My two favorite werewolf books are R.L. Fevers' Werewolf Rising (which, sadly, is out of print) and Stephen Cole's Wounded series(even though I can't get book 2 for my library anywhere). Have decided that I must be Team Jacob, because werewolves do not seem as evil as vampires. The two books I read last night are excellent examples of werewolf books.
Maggie Stiefvater's Shiver has the best cover ever. Really. Slightly iridescent, and the dot on the "i" is in red. Even the spine is great. Grace was attacked by wolves as a child, but saved by one of them. Every winter, she sees this wolf with the yellow eyes watching her. When a boy is killed by wolves, locals go out shooting to kill them, and a naked boy shows up at Grace's back door. Sam claims to be the wolf-- and she can tell by the eyes that he is. He is a lycanthrope, but only changes into wolf form when the weather is cold. The two are hopelessly in love, and spend as much time together as they can, since Sam fears that he will turn into a wolf permanently very soon. Can the two of them find a way to keep this from happening? I won't spoil it for you, because it is an excellent book. There is one brief and very carefully done sex scene, which younger students won't quiet understand. This is better than Twilight because the love seems so star-crossed and impossible, and no one whines. They try to change things, but seem to know that they will still have that love even if they can't be together. Phenomenal.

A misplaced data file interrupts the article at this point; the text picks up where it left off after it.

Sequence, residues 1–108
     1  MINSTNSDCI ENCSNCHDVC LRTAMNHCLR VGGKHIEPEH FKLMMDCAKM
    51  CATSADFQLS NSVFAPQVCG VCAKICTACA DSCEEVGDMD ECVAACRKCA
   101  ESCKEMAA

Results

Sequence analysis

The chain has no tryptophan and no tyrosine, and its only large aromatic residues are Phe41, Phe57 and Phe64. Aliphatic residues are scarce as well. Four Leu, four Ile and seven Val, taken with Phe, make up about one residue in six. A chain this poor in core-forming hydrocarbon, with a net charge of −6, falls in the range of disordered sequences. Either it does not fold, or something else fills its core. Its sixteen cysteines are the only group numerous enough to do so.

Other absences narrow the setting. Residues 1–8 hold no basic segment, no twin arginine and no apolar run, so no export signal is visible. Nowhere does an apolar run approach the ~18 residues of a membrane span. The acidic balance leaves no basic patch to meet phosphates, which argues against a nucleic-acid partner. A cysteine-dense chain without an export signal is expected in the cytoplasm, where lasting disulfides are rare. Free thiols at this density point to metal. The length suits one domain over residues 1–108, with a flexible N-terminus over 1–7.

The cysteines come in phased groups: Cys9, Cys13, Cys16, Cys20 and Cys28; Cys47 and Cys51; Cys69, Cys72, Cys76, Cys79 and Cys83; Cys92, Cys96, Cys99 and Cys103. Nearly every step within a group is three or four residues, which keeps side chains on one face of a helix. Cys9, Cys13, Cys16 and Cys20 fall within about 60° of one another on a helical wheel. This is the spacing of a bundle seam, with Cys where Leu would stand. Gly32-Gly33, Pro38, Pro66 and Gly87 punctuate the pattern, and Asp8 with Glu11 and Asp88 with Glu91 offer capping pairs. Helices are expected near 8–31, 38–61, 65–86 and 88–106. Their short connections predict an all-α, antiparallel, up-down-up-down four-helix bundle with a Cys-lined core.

Less ethereal and poetic but much more fun (thus more accessible to most middle schoolers) is Heather Davis's Never Cry Werewolf. Shelby's stepmother is strict, and when she catches Shelby kissing a senior on the front porch after being grounded, she sends her off to a "brat camp". On the bus in, Shelby sees Austin Bridges, the son of a rock star. When the bus breaks down, someone steals his backback, and she chases off into the woods to help find it. Turns out that Austin has drugs, which are confiscated. Camp isn't as horrible as it could be, but it turns out that Austin really needs the drugs-- it's a serum that keeps him from turning into a werewolf. Working together, they get into all kinds of scrapes trying to retrieve it. I don't feel like I am doing this one justice, because it was a great read. I liked Shelby and Austin a lot, and must say I'm really looking forward to Davis' next book, The Clearing(April 2010), which has time travel!
Books that weren't quite right for my library: Avi's Murder at Midnight; a renaissance setting, but it had magic in it, so it wasn't quite historical fiction. Interesting enough, but tough sell here. Shaw's One of the Survivors; her Boy From the Basement and Black-eyed Suzie are popular here, but no one ever asks for books about people recovering from the physical and psychological trauma of a fire. Beaudoin's Fade to Blue was more of a high school book, although the cover would certainly appeal to any goth students. Kelly's My Big Feet was a bit too didactic, plus available in softcover.